Remembering Joe Driscoll

    Serendipity (Hugh Walpole confects in his “Three Princes of Serendip”) means the inadvertent finding of good fortune, not originally sought after. That was the case one dank morning on Okinawa, sometime around the end of WWII.

     It was one of those days when nothing was going right. We all have them now and then, but this one was a total loss, and there was still half a day to go. Needing a pause to refresh, I pulled my Jeep into the Yontan Airbase PX for a Coke (then provided in the Mae West six ounce bottles for only a nickel).

     Just as I started my first sip, a heavy bump from behind blew my cool. I wheeled around, poised to swing the frasco into a set of grinning teeth. Fortunately, in a nanosecond, I recognized Joe Driscoll! It couldn’t be, but it was.

     Joe was a B-29 navigator Lieutenant with the 8th Air Force that had just moved into Yontan to be in the planned assault on Japan itself. I was in the Island Real Property Control office for the Army Corps of Engineers. We had both arrived simultaneously at the Yontan PX by pure chance. So excited, we started yakking at each other non-stop.

     Eventually, he took me to lunch at his O-mess. Later, we did mess – and – mess meals weekly until he was sent home. Fortunately, President Truman’s decision to drop “the bomb” ended the war and precluded Operation Olympic. “Little Man” and “Fat Boy” did their jobs so most of us went home vertically. I chose to stay in the occupation.

     Joe Driscoll and I first met in early fall ’41 in lightweight football. I was a player and Joe a manager (then called a compet). Often he’d go out of his way to help me. We came as close as his fraternity duties and my Civil Engineering curriculum would allow.

     Long after the war, I’d visit Ithaca often. His pop (JJD, Sr.), Joe, and I would dine each time at the College Spa on State Street where the old Greek owner would call us “the father, the son, and the unholy ghost.” For a decade, Joe was president of ’44 and I was secretary and was Alumni News Correspondent. We worked closely together and often stayed at each other’s homes.

     That flood of memories overflowed my mind as I sat in Ithaca’s filled Immaculate Conception Church in early July,1990 at Joe’s untimely mass. Everyone there experienced a common loss, but I mostly remembered that morning on Okinawa when Joe Driscoll turned my day around.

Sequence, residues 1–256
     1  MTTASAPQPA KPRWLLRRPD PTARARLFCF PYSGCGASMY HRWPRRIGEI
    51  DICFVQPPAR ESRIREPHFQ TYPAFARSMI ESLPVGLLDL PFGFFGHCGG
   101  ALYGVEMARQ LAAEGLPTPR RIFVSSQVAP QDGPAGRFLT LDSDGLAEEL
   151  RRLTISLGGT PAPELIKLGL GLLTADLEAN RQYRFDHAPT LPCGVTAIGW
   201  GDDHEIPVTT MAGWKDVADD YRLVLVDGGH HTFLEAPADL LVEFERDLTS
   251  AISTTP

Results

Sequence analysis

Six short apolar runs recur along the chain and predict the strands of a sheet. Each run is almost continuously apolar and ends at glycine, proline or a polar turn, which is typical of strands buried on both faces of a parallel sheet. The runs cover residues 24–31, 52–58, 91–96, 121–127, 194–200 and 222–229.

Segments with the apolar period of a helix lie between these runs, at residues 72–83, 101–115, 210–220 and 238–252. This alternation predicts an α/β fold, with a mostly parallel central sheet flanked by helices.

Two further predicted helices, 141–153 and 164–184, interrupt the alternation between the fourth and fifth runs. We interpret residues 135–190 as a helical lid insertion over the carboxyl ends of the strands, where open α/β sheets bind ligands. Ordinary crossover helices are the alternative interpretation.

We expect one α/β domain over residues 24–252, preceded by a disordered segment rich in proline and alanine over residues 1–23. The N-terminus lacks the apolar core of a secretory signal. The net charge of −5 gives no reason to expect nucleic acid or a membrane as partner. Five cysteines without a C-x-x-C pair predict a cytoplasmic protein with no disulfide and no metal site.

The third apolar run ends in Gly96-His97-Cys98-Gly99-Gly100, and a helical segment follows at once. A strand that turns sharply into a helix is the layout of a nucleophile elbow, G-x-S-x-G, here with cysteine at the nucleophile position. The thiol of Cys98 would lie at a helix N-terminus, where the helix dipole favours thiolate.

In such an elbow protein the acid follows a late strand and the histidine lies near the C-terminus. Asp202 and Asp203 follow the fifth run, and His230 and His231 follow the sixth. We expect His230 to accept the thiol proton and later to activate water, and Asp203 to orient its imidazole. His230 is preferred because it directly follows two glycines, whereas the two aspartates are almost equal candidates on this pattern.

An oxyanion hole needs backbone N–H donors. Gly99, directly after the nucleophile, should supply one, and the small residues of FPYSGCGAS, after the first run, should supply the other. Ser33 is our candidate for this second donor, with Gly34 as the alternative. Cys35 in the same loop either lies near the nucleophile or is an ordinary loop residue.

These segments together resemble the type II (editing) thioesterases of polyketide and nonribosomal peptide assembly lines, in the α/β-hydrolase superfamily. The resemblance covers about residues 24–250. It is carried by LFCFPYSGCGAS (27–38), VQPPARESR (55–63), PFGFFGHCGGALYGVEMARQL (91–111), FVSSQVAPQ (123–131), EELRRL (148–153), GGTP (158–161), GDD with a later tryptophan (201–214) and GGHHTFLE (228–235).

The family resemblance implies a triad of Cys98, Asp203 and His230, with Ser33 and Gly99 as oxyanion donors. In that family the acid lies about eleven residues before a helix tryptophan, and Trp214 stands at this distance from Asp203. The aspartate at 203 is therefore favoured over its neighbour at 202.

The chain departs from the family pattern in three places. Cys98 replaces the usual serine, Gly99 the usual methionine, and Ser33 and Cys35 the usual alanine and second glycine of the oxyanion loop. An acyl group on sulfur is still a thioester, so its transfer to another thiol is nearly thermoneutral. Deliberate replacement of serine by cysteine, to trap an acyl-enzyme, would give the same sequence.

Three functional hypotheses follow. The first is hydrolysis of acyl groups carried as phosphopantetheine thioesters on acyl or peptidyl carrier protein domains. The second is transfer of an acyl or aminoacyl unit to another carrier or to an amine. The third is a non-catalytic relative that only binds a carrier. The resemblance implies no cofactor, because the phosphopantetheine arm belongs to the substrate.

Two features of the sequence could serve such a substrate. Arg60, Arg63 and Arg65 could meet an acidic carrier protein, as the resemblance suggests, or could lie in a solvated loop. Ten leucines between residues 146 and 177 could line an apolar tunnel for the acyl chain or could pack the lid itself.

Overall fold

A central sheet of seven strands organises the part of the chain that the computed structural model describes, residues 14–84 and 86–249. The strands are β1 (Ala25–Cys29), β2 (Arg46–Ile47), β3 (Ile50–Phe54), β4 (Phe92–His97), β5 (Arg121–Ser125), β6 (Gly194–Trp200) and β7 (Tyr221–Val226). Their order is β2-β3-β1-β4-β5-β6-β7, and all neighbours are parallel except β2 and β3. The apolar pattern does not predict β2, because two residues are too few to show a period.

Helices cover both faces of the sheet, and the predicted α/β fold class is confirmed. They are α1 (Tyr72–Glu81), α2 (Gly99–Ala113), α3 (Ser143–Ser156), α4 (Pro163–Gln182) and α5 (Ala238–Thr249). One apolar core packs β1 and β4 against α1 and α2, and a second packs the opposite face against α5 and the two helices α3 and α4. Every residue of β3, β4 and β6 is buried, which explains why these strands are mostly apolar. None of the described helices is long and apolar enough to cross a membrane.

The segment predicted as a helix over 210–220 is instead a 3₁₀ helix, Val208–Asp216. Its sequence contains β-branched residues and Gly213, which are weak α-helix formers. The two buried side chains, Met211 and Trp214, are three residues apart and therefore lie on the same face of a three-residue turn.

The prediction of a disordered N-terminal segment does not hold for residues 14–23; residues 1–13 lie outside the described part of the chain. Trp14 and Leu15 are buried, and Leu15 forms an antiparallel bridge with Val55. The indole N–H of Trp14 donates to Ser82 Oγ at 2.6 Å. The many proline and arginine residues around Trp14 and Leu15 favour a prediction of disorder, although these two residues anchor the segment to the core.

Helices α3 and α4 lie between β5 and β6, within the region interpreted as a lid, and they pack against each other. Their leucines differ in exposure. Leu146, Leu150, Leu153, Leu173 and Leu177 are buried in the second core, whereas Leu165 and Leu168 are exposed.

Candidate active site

M. Dan Morris
, VP, Upstate New York

Another look:  Joe was everywhere!

     Joe Driscoll was our classmate and a mentor for both Kestens in all '44 activities, but above all he was our close friend - a lifelong one. I'd like to add these few words about him for posterity for he meant so much to Dotty and me and to our children.

     Surprisingly, I did not know Joe during my three years on campus. But once we returned home from our WWII occupation duties, the two of us became involved in Cornell alumni affairs at both the Class and University levels and there was Joe.

     In Cornell activities he seemed to be everywhere – meetings, tailgates, panels, all reunions . . he later became President of the Continuous Reunion Club (CRC). Whether we were just walking on campus with him or munching at a tailgate gathering at Palmer Stadium or at other Ivy stadia, everyone always chimed in with a “Hi, Joe!” He seemed to know everyone – and everyone knew him - and he didn’t hesitate to introduce us to everyone as we accompanied him.

     His alumni participation was extraordinary and he literally thrived on it! There wasn’t a Cornell President or college dean during ’47-’90 who didn’t know Joe and who weren’t helped by him in some way. The plaque that hangs in the foyer of the Johnson School (see inset) is a reminder to all of his service and contributions to that School alone. In Philadelphia, he was known as “Mr. Cornell,” a fact so stated in his newspaper obituary.

     Joe was a working member of the alumni group that preceded CACO and held numerous offices in CACO as well. And he was known throughout the “Athletics” structure from the ladies working the many desks to all of the coaches and trainers.

     He drove up from Philly on countless Fridays and the three of us would then sit and cheer together for the Big Red in New Haven, Hanover, Cambridge, and Baker Field. Our children grew up during his many years of overnights with us and “Uncle Joe” helped steer both Dale and Lynn to Cornell with his “You’ll love it!” and his most welcome “Do’s and Don’ts.”

     An unforgettable incident: We didn’t realize Joe was a diabetic until rather late – he kept this secret pretty much to himself over the years . . but for many who attended our 45th Reunion it became quite evident when he passed out in Barton Hall. Someone yelled, “Joe’s Down. Get a doctor!” Not one, but SIX doctors rushed to Joe’s side and the one who cried out, “Quick! Get some orange juice from the bar!” had the right answer.

     Popular and always personable, Joe left his mark at Cornell . . He touched many of us in his lifetime and we hope that this brief website tribute adds to the memories of him held by hundreds of his classmates.

Art Kesten, 49 AB
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